Leopard complex spotting is inherited by the incompletely dominant locus, LP, which also causes congenital stationary night blindness in homozygous horses. We investigated an associated single nucleotide polymorphism in the TRPM1 gene in 96 archaeological bones from 31 localities from Late Pleistocene (approx. 17 000 YBP) to medieval times. The first genetic evidence of LP spotting in Europe dates back to the Pleistocene. We tested for temporal changes in the LP associated allele frequency and estimated coefficients of selection by means of approximate Bayesian computation analyses. Our results show that at least some of the observed frequency changes are congruent with shifts in artificial selection pressure for the leopard complex spotting phenotype. In early domestic horses from Kirklareli-Kanligecit (Turkey) dating to 2700-2200 BC, a remarkably high number of leopard spotted horses (six of 10 individuals) was detected including one adult homozygote. However, LP seems to have largely disappeared during the late Bronze Age, suggesting selection against this phenotype in early domestic horses. During the Iron Age, LP reappeared, probably by reintroduction into the domestic gene pool from wild animals. This picture of alternating selective regimes might explain how genetic diversity was maintained in domestic animals despite selection for specific traits at different times.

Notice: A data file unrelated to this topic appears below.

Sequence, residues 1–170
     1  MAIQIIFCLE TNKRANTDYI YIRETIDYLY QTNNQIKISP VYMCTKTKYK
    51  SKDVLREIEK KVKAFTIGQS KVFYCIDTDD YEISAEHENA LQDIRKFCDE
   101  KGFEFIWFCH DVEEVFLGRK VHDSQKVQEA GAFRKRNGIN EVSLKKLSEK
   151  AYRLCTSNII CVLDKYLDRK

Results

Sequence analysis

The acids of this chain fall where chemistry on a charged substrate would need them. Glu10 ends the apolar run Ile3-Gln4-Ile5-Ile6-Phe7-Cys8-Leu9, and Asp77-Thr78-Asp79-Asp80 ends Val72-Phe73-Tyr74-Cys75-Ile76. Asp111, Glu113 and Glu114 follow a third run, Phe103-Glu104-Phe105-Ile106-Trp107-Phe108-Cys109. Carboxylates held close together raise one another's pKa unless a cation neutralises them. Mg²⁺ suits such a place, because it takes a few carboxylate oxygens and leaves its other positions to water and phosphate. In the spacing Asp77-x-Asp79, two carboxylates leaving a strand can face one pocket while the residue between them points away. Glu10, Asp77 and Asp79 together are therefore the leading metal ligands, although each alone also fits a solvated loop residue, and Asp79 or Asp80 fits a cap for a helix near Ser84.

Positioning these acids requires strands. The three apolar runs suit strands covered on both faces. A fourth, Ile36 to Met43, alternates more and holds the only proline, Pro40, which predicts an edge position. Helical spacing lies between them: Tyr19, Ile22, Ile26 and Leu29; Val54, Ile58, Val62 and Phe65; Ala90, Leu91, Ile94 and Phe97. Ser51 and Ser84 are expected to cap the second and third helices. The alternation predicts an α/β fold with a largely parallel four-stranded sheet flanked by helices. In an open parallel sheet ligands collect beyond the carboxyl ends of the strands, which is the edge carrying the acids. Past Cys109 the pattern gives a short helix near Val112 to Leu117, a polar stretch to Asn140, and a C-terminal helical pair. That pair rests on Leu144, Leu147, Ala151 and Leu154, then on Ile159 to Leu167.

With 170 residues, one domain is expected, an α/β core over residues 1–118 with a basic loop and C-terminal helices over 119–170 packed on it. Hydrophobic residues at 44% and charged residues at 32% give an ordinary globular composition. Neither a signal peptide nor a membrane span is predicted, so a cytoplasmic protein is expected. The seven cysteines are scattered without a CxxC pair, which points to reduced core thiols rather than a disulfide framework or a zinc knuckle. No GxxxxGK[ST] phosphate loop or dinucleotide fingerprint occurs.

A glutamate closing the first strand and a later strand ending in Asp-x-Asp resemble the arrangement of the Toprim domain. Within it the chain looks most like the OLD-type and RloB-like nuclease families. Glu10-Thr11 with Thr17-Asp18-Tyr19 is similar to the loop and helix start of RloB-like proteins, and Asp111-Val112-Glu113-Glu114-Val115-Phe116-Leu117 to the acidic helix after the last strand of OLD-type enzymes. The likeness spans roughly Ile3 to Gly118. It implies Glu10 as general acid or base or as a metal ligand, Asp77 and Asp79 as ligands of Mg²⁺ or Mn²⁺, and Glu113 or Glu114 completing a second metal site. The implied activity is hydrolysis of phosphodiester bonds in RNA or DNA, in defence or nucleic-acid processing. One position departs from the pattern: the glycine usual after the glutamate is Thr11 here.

Keywords: ancient DNA; coat colour; domestication, Equus; palaeogenetics; population.
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